Objective

To provide a program in the area of practice-based research in music leading to research outcomes in the form of music compositions and critical exegesis related to the compositions. The purpose of the compositions is to realise the primary research activity; the compositions are the outcome of the research. The purpose of the exegesis is to provide the scholarly context and framework by which to fully understand the compositions as a research outcome.

Rationale

On completion of the degree, graduates will have specialised knowledge and skills in practice-based music composition research; demonstrated their increased autonomy, expert judgement, adaptability and responsibility through the development, implementation and publication of their research outcomes; and be prepared to undertake doctoral studies in music composition.

Structure and Thesis Format

The program is externally assessed by two examiners who are recognised experts in the field. The work submitted for assessment takes the form of a folio of compositions (maximum duration 60 minutes for the MPhil, 120 minutes for the PhD) which is accompanied by a critical exegesis (maximum 15,000 words for the MPhil, 30,000 words for the PhD).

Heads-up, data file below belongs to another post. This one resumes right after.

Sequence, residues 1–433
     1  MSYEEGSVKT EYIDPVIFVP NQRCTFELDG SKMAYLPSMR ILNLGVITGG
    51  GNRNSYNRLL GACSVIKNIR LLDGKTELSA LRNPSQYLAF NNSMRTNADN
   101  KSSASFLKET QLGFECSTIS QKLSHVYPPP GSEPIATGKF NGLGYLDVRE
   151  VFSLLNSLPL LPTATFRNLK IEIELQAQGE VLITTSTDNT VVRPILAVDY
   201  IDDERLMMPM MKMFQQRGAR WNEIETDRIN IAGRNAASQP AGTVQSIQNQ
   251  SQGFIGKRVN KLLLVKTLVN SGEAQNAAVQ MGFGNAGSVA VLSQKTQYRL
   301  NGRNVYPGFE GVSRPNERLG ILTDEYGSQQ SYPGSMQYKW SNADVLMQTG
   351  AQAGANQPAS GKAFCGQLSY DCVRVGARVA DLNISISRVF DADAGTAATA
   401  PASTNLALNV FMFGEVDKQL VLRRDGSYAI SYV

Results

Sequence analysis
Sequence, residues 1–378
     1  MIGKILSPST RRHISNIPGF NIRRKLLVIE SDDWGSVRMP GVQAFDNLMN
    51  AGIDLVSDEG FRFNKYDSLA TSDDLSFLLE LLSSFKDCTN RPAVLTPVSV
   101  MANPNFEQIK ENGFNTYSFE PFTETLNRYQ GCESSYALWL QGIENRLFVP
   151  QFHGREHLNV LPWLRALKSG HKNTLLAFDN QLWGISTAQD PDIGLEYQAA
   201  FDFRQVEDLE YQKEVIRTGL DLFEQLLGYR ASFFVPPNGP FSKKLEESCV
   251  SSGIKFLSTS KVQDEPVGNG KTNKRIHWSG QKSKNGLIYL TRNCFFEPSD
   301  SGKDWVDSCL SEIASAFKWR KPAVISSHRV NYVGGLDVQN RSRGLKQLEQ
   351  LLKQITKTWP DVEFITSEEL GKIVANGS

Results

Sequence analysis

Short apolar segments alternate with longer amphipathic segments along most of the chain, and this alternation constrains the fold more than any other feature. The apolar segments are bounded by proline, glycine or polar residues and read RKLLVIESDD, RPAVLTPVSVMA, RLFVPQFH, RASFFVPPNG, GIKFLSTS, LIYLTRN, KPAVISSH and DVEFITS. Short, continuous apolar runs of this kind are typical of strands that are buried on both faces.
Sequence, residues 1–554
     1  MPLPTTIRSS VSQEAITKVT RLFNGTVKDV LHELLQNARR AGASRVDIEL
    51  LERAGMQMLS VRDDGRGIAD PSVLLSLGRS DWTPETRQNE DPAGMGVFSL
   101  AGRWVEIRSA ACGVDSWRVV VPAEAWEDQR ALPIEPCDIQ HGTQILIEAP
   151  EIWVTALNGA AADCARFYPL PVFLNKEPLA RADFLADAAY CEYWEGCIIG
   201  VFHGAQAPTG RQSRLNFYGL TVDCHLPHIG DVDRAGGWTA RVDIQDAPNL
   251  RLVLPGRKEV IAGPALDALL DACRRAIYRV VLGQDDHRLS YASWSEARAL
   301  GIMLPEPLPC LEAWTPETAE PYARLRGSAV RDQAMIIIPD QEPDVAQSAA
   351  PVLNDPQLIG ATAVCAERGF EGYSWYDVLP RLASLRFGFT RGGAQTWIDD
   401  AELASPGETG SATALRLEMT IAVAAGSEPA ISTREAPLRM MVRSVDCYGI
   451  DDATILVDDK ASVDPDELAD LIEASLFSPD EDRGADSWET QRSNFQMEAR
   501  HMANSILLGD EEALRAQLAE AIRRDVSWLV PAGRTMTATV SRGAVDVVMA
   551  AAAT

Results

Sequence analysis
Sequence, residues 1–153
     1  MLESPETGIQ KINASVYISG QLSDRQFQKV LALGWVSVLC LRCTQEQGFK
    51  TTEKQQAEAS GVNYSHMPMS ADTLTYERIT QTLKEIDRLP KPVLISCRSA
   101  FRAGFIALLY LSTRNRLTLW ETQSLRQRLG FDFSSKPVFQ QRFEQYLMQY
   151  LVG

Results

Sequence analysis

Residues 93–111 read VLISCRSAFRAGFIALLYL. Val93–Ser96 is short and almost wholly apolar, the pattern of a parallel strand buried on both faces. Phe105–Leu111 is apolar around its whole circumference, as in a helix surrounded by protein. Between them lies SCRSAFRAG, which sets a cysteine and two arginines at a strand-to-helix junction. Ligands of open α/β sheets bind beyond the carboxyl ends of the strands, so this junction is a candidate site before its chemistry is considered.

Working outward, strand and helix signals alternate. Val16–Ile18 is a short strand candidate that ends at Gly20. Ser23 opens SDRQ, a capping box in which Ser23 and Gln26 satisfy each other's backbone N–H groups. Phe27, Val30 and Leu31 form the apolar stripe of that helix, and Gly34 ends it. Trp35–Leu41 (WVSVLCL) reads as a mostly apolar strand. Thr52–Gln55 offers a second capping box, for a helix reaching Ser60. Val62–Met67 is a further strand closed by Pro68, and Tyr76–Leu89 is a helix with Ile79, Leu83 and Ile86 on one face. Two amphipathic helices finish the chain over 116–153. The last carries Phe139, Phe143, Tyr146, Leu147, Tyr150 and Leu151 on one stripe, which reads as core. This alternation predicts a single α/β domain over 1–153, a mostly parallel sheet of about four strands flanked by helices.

The folio of compositions demonstrates a robust and distinctive artistic practice, which may include score-based, audio-based, performance-based or other music media. The major work (album, symphony, music theatre work, or other major composition) that forms the core of the folio will typically be 20 to 40 minutes in duration.

The exegesis provides the candidates with the opportunity to contextualise, explain and defend the folio as a contribution to knowledge in the field of music composition.


Students who commenced their research higher degree in 2014 or earlier have until 31 December 2017 to graduate under the rules for theĀ pre-2015 music composition thesis format.